Buy tickets online in advance. You can also get them at the door, but you will be asked to scan a QR code and get the app and buy them there, so save yourself the hassle and be ready beforehand. The audio guide is also in the app, so have it on your phone when you arrive.  

  • La Sagrada Familia, Calle de Mallorca 401.  
  • Open daily 9 am–6 pm.  
  • Tickets cost €26.  

Barcelona walking tour, day 1, stop 8: Parc de la Ciutadella 

Cascada del Parc de la Ciutadella in Barcelona

Cascada del Parc de la Ciutadella

After Sagrada Familia, I wouldn’t be surprised if you’ve had enough walking and sightseeing for the day. If you are done, you are done. But if you’re hopped up on Barcelona’s energy and want some more, make your way back down towards the sea and end your day there.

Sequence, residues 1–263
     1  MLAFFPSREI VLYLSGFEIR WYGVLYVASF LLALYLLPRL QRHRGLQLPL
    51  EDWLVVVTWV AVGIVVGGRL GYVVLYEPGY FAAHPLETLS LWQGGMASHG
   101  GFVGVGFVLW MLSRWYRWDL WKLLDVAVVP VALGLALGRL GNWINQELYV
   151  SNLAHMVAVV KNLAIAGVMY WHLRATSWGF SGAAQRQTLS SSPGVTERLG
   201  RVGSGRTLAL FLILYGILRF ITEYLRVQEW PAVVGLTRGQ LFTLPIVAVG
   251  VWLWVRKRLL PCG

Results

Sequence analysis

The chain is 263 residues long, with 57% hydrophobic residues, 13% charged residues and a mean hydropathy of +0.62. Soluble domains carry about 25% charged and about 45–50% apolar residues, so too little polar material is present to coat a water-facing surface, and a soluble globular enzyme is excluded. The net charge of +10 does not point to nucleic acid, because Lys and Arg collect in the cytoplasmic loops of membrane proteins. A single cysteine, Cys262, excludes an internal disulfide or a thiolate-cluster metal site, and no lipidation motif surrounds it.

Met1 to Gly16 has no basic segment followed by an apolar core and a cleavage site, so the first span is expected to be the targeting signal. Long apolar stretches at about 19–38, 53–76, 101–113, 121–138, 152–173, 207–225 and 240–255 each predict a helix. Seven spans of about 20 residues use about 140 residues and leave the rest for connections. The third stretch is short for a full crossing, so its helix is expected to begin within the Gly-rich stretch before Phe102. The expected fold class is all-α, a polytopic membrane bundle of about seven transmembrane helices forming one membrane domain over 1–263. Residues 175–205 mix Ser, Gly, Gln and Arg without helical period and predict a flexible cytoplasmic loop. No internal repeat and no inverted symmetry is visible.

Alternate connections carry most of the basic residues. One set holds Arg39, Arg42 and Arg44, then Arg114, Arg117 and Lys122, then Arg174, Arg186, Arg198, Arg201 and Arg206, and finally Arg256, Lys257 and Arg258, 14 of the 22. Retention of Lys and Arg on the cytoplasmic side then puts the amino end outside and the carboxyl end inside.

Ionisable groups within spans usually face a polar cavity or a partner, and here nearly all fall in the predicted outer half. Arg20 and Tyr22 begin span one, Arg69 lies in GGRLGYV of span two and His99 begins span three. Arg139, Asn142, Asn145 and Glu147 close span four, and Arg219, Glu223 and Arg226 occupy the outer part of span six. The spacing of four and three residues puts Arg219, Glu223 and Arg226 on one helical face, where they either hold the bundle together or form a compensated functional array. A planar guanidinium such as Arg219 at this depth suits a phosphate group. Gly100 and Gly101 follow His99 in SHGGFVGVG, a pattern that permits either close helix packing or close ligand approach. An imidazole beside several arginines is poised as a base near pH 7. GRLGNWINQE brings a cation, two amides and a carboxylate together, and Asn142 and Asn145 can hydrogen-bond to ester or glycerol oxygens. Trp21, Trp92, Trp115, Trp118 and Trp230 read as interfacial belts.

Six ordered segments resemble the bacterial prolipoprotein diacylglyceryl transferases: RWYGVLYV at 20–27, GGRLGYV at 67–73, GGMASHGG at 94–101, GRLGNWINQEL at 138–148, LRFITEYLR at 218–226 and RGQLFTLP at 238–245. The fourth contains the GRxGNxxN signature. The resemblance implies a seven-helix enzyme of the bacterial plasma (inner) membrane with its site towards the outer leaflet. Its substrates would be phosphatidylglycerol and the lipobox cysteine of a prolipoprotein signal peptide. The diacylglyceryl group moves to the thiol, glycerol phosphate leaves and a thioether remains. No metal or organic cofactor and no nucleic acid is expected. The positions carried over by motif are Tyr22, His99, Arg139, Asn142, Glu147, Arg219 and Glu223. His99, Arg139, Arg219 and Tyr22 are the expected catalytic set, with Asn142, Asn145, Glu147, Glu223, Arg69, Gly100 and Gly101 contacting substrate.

Head to Ciutadella Park, a green escape in the city. Enter through the large, red archway that used to be the entrance to the Expo of 1888, the Arco de Triunfo de Barcelona. The park is full of friendly parakeets that want to be fed and their squawking will be the soundtrack to your visit. If they see you feeding any of their comrades, they line up nearby and wait their turn, it’s hilarious.

Arco de Triunfo, part of Barcelona walking tour

The Arco de Triunfo

But it’s the Cascada del Parc de la Ciutadella, a monument slash fountain, that’s the main draw of the park. It was designed by Josep Fontsére, but some contributions were made by Gaudí during his student years. It’s an elaborate piece complete with golden horses and dragons roaring into the lake.  

Is the day coming to a close? Wander to Passeig del Born that’s towards the Old Town out of Ciutadella Park. It transforms into a party street after sunset. Consider Mercer Hotel or the adults-only Wittmore Hotel if you want to stay near the end of this tour.